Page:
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floor; chairs moved about, and cupboards opened and closed. Finally Monsieur began again to sing:

Et allez done, Mam'zelle Suzon! …
Et ron, ronron … petit patapon …

"No, really, he is too stupid! " I murmured, in a low voice, furiously spiteful.

And I went back to the linen-room, firmly resolved to take no further pity on him.

In the afternoon Monsieur kept revolving around me, in an absent-minded way. He joined me in the yard, whither I had gone to throw some refuse on the muck-heap. And as I, for the sake of laughing a little at his embarrassment, apologized for what had happened in the morning, he whispered:

"That is nothing, that is nothing; on the contrary."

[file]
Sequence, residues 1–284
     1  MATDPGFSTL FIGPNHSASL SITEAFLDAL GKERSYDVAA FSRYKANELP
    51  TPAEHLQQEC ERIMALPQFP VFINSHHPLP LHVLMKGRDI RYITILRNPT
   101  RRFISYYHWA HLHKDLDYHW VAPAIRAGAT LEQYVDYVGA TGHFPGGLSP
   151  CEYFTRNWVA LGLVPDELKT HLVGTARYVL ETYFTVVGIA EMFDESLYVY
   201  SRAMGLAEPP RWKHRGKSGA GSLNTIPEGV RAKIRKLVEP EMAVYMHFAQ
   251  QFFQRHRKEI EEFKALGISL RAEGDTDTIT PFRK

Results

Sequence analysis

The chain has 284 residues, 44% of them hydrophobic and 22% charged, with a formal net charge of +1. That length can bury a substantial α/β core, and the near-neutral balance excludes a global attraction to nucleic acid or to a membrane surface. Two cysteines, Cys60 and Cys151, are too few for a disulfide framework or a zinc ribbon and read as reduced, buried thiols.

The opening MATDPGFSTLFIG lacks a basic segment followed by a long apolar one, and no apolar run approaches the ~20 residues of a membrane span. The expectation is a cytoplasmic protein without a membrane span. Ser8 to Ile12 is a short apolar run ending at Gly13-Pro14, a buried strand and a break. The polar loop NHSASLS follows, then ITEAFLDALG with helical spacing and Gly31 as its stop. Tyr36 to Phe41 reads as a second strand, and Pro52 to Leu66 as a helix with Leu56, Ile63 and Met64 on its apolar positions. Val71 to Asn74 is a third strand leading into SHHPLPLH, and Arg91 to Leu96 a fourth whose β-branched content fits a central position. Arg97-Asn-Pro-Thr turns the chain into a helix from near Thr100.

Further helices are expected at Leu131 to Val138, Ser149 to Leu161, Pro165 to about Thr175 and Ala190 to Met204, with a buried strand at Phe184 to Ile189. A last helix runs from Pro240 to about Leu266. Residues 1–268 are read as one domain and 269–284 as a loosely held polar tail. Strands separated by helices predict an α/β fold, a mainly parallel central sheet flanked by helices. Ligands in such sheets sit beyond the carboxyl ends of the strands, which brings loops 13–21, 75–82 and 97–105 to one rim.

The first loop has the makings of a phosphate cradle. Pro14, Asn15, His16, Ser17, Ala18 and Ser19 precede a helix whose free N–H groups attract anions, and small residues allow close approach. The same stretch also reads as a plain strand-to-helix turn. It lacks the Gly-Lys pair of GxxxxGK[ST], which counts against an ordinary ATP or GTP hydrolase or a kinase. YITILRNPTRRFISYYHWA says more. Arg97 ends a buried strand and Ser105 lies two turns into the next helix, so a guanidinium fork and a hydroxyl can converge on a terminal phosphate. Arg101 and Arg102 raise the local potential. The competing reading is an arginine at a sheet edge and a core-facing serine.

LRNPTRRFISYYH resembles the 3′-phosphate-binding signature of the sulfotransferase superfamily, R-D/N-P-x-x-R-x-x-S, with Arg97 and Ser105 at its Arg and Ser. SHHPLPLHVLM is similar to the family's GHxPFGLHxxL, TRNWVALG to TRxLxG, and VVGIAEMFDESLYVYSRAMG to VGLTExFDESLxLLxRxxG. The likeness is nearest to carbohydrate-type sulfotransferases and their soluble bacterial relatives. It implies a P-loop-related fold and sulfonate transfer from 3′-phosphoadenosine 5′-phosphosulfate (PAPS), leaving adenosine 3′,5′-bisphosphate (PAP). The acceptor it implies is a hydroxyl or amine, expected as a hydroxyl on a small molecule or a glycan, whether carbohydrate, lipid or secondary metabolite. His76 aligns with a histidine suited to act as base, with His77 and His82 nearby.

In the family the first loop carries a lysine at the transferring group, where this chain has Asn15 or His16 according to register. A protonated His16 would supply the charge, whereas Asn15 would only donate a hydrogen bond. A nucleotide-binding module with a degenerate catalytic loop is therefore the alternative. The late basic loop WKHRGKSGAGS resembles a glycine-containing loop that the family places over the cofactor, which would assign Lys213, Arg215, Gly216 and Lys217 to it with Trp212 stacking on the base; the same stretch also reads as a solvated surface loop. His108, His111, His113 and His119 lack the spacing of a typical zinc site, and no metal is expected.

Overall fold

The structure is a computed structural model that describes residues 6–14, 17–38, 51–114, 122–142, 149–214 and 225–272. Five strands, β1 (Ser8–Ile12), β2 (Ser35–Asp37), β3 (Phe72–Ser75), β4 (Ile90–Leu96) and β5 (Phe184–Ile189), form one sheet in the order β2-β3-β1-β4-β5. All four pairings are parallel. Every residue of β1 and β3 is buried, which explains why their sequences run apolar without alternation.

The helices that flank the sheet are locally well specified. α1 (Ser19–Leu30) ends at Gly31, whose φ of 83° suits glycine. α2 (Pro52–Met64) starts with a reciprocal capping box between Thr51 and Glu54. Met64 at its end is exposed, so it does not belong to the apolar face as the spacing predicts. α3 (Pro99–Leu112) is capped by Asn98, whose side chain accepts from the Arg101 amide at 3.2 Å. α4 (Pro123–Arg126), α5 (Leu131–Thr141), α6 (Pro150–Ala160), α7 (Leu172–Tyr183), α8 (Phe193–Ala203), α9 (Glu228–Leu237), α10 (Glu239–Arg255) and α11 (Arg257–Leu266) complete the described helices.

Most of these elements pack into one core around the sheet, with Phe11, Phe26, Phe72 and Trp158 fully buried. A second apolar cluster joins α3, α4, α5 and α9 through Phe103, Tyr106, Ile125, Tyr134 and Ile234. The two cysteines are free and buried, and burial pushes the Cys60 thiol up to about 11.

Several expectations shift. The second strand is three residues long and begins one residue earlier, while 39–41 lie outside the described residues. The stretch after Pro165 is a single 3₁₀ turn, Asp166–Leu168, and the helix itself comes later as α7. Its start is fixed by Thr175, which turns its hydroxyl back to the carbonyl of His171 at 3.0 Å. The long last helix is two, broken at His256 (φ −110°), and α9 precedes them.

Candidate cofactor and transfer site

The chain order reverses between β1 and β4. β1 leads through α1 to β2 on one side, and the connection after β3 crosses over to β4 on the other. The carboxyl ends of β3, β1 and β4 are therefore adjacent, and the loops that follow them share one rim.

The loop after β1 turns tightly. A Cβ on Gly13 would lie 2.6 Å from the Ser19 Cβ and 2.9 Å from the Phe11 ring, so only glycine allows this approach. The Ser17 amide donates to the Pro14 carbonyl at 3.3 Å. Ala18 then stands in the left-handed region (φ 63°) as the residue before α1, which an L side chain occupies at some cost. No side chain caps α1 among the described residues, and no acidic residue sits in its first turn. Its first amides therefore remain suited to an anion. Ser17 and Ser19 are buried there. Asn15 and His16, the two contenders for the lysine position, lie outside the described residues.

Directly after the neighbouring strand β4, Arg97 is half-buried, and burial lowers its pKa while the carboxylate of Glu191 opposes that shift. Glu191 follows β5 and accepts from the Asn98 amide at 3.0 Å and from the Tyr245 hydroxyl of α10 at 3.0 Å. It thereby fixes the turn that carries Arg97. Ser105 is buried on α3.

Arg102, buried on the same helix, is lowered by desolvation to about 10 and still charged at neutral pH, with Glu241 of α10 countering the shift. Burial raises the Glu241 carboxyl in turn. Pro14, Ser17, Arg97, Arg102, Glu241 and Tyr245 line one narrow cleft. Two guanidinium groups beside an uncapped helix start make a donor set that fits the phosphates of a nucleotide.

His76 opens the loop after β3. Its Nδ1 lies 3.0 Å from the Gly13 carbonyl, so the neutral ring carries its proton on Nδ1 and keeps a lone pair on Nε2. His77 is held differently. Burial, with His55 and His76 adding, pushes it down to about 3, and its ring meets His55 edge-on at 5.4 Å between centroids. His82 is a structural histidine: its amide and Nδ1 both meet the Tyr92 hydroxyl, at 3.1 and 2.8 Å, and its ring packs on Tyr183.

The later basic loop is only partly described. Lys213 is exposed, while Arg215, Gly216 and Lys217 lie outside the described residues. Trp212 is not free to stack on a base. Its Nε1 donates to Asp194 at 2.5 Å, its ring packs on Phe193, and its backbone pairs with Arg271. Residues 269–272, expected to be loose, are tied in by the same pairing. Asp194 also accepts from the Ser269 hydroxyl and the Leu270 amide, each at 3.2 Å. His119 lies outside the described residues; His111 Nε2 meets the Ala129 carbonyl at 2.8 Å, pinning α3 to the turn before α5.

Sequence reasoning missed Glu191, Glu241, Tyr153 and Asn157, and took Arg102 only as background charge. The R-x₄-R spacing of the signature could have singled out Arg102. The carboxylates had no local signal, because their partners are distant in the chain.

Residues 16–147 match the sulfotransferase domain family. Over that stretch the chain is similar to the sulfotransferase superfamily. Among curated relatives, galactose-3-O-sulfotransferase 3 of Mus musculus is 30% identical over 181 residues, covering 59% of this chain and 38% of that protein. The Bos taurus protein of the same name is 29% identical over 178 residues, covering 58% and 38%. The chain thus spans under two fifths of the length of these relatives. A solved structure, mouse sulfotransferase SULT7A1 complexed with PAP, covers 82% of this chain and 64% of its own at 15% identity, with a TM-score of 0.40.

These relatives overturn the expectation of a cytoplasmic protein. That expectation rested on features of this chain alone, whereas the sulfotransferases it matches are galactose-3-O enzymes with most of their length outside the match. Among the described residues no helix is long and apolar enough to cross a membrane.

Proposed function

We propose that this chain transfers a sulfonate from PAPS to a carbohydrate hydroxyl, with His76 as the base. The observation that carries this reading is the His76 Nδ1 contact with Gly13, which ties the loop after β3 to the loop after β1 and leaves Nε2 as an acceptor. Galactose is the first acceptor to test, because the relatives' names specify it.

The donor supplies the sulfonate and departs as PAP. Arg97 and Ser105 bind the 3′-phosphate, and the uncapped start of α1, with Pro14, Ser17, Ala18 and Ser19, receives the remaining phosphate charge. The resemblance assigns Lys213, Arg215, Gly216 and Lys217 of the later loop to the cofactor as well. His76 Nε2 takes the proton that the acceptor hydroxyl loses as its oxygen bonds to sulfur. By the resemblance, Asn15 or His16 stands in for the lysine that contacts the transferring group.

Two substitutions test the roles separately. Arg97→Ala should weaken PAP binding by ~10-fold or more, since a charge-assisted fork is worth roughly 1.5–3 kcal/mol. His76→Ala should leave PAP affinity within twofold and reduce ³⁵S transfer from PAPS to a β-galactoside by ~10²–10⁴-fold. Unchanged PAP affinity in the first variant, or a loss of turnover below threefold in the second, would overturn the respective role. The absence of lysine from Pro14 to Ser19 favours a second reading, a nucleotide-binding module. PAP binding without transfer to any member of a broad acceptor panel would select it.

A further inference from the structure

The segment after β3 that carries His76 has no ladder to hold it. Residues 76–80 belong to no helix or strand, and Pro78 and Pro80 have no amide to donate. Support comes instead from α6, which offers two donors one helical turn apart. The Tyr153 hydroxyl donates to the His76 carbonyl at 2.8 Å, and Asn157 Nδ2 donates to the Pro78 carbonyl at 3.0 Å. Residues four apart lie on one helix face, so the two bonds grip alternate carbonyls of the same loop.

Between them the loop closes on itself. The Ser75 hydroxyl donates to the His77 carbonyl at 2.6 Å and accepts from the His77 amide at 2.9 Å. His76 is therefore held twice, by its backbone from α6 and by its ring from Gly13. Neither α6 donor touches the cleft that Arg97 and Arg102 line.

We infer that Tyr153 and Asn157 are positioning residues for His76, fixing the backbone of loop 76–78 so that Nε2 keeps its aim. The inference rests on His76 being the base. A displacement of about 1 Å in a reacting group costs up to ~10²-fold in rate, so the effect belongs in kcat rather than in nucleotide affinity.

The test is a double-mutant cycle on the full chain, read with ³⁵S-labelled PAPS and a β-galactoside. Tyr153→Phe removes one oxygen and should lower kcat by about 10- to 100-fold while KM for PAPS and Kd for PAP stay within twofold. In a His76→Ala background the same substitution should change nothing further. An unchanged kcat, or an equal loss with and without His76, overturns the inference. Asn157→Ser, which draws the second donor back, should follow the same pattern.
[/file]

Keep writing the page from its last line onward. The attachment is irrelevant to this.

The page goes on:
He tried to detain me, stammering I know not what. But I dropped him then and there, in the middle of the phrase in which he was floundering; and, in a cutting voice, I said these words:

"I ask Monsieur's pardon. I have no time to talk to Monsieur. Madame is waiting for me."

"Sapristi! Célestine, listen to me a moment."

"No, Monsieur."

When I turned the corner of the path leading to the house, I could see Monsieur. He had not stirred from the spot. With head lowered, and irresolute legs, he was still looking at the muck-heap, scratching his neck.